That "Hugh Hefner" adventure lasted 8 months until my real estate partner's deception of diverting the mortgage payments caught up with him and the bank took back the house, the Rolls, the antiques, everything. Oh well, on to the next chapter. I ended up in the email marketing business and made some great cash. Next, I moved into the magazine business, pioneering the "insertazine" concept and then started the area's first "Entertainment Card."

I bounced around from venture to venture until I was moved to take my two young daughters on the greatest adventure of all, a pilgrimage to Medjugorge, a tiny village in what was once Yugoslavia and is now in the country of Bosnia-Herzegovina. Along the way, I had returned to my roots of Catholicism and this pilgrimage completely turned my life around.

I returned from this fateful trip and decided to teach school, landing a pro-bono adjunct gig at my daughter's school at Barrett Honors College at ASU. That precipitated the beginning of Club Entrepreneur; the teaching evolved into my starting the country's first College of Entrepreneurship at Grand Canyon University, I launched the eFactory, (CEO's predecessor) and started a number of new businesses.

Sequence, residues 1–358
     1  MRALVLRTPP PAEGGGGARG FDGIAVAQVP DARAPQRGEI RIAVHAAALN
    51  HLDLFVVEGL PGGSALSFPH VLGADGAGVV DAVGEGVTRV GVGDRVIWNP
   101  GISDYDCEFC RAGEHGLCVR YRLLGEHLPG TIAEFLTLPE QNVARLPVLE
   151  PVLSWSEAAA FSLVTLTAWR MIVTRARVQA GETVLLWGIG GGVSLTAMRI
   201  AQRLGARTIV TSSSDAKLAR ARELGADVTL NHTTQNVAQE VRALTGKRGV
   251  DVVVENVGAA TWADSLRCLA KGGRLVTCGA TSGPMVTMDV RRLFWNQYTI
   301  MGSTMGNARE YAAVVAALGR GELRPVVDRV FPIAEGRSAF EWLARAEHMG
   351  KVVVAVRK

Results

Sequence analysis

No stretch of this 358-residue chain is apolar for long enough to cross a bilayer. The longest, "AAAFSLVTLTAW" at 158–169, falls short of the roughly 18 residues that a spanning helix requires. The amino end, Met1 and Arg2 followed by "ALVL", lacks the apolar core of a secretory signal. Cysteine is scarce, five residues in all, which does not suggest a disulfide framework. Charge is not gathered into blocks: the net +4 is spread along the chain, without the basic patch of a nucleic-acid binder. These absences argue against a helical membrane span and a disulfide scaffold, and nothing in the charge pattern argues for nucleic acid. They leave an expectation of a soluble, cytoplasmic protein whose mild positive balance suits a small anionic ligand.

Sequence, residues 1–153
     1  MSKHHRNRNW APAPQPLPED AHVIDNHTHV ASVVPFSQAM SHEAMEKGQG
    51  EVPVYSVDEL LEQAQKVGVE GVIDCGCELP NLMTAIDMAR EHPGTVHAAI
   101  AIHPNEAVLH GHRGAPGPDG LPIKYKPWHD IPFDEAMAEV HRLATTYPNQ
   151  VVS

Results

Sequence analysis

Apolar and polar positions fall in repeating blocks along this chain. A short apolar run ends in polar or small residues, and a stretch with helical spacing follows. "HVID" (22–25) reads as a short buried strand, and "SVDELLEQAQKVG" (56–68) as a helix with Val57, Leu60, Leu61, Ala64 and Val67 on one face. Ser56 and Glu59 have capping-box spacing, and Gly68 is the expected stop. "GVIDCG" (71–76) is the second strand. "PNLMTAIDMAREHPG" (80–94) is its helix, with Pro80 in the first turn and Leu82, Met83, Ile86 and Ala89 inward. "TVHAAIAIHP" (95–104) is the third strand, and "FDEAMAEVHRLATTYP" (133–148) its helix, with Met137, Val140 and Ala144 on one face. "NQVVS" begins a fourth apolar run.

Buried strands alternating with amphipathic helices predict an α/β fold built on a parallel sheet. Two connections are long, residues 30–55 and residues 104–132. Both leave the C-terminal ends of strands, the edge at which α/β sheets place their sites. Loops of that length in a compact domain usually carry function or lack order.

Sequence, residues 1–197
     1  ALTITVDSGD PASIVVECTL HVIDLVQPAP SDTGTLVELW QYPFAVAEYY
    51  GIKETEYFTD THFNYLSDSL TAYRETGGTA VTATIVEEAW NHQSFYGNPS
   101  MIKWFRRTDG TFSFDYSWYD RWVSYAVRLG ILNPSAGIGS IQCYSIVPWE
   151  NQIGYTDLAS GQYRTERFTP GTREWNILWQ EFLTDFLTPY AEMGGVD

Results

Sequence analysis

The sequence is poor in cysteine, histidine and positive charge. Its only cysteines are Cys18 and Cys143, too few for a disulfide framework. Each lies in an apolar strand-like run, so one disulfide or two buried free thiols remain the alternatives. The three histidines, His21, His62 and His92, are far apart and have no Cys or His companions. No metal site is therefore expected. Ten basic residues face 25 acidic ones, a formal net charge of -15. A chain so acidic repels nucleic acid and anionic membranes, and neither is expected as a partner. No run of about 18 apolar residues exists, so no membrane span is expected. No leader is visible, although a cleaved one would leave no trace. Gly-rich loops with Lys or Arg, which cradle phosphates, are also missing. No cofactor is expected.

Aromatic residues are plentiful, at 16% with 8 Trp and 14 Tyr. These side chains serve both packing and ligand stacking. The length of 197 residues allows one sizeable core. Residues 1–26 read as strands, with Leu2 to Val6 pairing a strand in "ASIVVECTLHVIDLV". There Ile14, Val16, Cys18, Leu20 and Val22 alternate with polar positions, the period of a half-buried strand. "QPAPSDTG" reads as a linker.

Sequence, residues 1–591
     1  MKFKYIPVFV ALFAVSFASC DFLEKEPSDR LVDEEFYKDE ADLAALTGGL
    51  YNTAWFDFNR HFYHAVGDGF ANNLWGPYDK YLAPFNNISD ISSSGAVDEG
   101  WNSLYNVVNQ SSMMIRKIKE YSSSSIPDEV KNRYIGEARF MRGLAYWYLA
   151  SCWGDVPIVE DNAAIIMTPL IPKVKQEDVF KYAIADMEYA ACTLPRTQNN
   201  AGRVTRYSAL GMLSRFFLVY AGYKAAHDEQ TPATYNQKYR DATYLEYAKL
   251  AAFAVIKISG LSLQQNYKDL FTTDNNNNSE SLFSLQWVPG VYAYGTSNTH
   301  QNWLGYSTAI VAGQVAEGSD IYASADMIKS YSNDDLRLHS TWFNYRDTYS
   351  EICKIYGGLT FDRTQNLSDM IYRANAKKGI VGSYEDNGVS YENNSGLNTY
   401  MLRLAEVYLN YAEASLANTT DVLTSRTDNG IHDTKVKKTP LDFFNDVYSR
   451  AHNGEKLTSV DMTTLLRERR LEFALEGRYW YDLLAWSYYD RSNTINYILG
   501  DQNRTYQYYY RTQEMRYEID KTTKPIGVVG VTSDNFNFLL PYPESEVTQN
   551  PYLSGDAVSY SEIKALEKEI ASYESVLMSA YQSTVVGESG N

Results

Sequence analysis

Step by step and most importantly, I became closer to my children, reunited with my father, became best friends with my former wife and as of my father's 85th celebration in Santa Barbara a couple of weeks ago, am happy to say that I'm even making some progress building back my relationship with my siblings.

Life is a journey and really can and does come full circle, which I dearly hope happens with my family. Because that's what life's all about, family.

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Posted on September 5, 2014 and filed under Family, Personal History, Deep Thoughts.

Peter J. Burns III: Have A Merry (BARTERED) Christmas

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As many of you know, Club Entrepreneur is deeply vested in the barter applications of business. (see www.clubeexchange.net) We've partnered up with the longstanding and integrity-filled barter company, Tradesource (see www.tradesource.net)and have conducted many tens of thousands of barter transactions with our Club E members through Tradesource's barter network.